The Independent Civilian Review into Matters Relating to the G20 Summit released its final report on Friday, and is available for download here. The 425-page report was led by former Ontario associate chief Justice John Morden, and highlighted communication problems between police services and the civilian review body that oversees it.
The report provides an overview of the legislative authority of the police services, stemming from the Police Services Act, R.S.O. 1990 c. P.15. and the role of the Toronto Police Services Board in ensuring adequate and effective policing services.
The report reviews the Board’s policies in light of policing functions at the G20, and provides 38 recommendations. One of these focuses on the need of the Board to have its own legal counsel that is separate from and not available to either police services or the City.
The Board is currently advised by a lawyer on staff from the City of Toronto legal department, and provides advice to the Toronto Police Services. The report suggests that this structure could provide a conflict between the various parties,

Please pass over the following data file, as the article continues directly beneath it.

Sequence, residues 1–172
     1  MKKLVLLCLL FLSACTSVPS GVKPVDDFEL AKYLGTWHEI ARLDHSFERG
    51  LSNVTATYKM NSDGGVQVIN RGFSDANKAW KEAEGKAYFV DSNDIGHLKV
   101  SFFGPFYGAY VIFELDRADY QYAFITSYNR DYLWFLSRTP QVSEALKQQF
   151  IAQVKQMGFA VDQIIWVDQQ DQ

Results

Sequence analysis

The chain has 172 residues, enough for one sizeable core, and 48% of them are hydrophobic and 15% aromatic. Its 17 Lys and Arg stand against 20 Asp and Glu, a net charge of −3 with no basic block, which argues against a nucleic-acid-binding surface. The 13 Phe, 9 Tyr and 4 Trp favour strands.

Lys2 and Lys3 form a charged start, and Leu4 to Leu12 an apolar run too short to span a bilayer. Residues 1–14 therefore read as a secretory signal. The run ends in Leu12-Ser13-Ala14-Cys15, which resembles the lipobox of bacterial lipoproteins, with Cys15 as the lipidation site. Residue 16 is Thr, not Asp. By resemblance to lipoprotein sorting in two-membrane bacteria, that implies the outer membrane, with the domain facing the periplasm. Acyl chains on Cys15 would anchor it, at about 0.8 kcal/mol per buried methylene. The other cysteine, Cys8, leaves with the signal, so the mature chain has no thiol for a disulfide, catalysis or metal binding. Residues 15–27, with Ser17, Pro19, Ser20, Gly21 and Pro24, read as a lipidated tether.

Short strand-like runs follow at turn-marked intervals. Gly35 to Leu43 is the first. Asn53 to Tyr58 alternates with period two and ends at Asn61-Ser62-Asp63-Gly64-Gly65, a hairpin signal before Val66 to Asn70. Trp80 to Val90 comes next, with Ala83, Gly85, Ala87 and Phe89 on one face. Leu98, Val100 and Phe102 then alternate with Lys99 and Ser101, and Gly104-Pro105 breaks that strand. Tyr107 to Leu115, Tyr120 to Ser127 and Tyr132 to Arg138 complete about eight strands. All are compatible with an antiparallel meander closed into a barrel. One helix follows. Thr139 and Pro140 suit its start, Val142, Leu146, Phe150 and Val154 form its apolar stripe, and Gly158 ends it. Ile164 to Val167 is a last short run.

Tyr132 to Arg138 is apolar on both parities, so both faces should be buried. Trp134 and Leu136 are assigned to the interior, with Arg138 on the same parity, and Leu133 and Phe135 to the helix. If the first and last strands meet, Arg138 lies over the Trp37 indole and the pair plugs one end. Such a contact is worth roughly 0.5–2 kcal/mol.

The current legal adviser of the Board informed the Review that, generally, if he could, he will provide the same advice to both the Board and the police service. If he could not provide the same advice, he would not and it would appear to be a matter of first comes first served. He would advise the second comer that he had already advised the other “client.” Generally, his first priority was as counsel to the Board and so, if the police service approached him on the same issue, he would tell it to obtain its advice from some other source. This rarely, if ever, came up. Matters will arise from time to time where the Board will need legal advice on the nature and scope of its responsibility. The giver of this advice should not be encumbered by the possibility of being in a position of conflict of interest. It is in the public interest that the Board should have its own counsel whose legal services are not available to either the Toronto Police Service or the City of Toronto. There is precedent for this in the Board’s current practice of having independent outside counsel advise and represent it on its labour relations responsibilities.